On April 23 in 1564, William Shakespeare was born. It’s been said that Shakespeare’s complete works consist of 884,647 words and 118,406 lines. Let’s look at some of the NCTE texts written about the works of Shakespeare.
In Reading Shakespeare Film First, Mary Ellen Dakin asserts that we need to read Shakespeare in triplicate—as the stuff of transformative literature, theater, and film. See also the author’s companion website, where she extends and updates the ideas and materials in this book.
Reading Shakespeare with Young Adults explores different methods for getting students engaged—and excited—about Shakespeare’s plays as they learn to construct meaning from the texts’ sixteenth-century language and connect it to their twenty-first-century lives.
How can high school and college teachers help their students get the most out of studying Shakespeare? In Performance Approaches to Teaching Shakespeare, Edward L. Rocklin offers teachers a wide array of concepts and practices to explore specific performances as well as the performance potentials of a Shakespeare text.
Reading Hamlet contains a wealth of ideas and practical activities for studying Shakespeare’s play. The first section provides background material to help prepare your students to read Hamlet. Section Two, “Reading the Play,” features notes on each scene of the play, accompanied by activities and suggestions for further study.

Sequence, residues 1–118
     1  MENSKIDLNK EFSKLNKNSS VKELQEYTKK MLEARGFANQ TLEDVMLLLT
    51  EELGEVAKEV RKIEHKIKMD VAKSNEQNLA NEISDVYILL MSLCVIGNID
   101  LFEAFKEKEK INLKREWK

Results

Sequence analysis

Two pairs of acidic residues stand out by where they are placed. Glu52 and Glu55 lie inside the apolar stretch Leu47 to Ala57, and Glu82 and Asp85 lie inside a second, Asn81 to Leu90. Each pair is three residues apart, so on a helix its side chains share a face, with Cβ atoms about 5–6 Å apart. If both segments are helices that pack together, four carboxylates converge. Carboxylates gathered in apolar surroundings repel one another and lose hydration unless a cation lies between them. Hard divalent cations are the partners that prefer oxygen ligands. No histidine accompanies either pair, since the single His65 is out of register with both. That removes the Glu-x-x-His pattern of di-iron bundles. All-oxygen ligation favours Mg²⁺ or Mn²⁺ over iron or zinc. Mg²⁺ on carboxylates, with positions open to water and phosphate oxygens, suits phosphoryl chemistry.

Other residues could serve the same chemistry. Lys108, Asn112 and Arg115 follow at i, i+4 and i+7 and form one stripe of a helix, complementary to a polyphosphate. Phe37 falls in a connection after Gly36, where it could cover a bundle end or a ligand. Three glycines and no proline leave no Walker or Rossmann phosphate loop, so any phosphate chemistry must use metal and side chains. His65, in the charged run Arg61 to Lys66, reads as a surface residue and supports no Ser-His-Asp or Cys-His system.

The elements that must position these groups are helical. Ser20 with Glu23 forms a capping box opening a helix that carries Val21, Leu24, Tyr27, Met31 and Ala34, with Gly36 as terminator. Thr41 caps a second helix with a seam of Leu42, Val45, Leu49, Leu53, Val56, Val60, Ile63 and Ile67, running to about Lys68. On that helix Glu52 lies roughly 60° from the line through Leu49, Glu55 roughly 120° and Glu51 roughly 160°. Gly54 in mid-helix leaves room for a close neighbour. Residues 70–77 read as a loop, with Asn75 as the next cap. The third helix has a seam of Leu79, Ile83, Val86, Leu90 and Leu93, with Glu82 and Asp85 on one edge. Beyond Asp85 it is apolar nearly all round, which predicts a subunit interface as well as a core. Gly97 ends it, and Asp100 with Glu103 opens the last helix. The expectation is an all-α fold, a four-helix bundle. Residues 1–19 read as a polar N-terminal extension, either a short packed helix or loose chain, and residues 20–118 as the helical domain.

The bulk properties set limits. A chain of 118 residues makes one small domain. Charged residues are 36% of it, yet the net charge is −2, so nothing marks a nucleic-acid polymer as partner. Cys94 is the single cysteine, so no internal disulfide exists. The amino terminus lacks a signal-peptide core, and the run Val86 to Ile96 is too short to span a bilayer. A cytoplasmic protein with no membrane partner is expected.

In Bring on the Bard: Active Drama Approaches for Shakespeare’s Diverse Student Readers Kevin Long and Mary T. Christel offer active drama approaches that position students to engage with a rich text through low-risk speaking and improvisation activities as a part of any ELA classroom.
With the activities in Unlocking Shakespeare’s Language: Help for the Teacher and Student, students can come to understand the language of Shakespeare by learning to recognize and translate troublesome words and syntactic patterns.
Teaching Julius Caesar: A Differentiated Approach offers solutions for bringing the play to life for all students – those with various interests, readiness levels, and learning styles. The author offers practical, engaging, and rigorous lessons for teaching reading, writing, speaking, performance, and research that can be used as-is or can be adapted to suit the needs of your students and classroom environment.
In Teaching Romeo and Juliet: A Differentiated Approach the authors offer a differentiated approach to teaching Shakespeare’s Romeo and Juliet, including lesson plans focused on key scenes, close reader handouts geared toward different levels of readiness, and scaffolded reading activities. This differentiated approach helps students develop a deep understanding of Romeo and Juliet through activities such as cinematic interpretation, creative writing, dramatic interpretation, and Socratic discussion.
What will you be doing to celebrate Shakespeare’s birthday?
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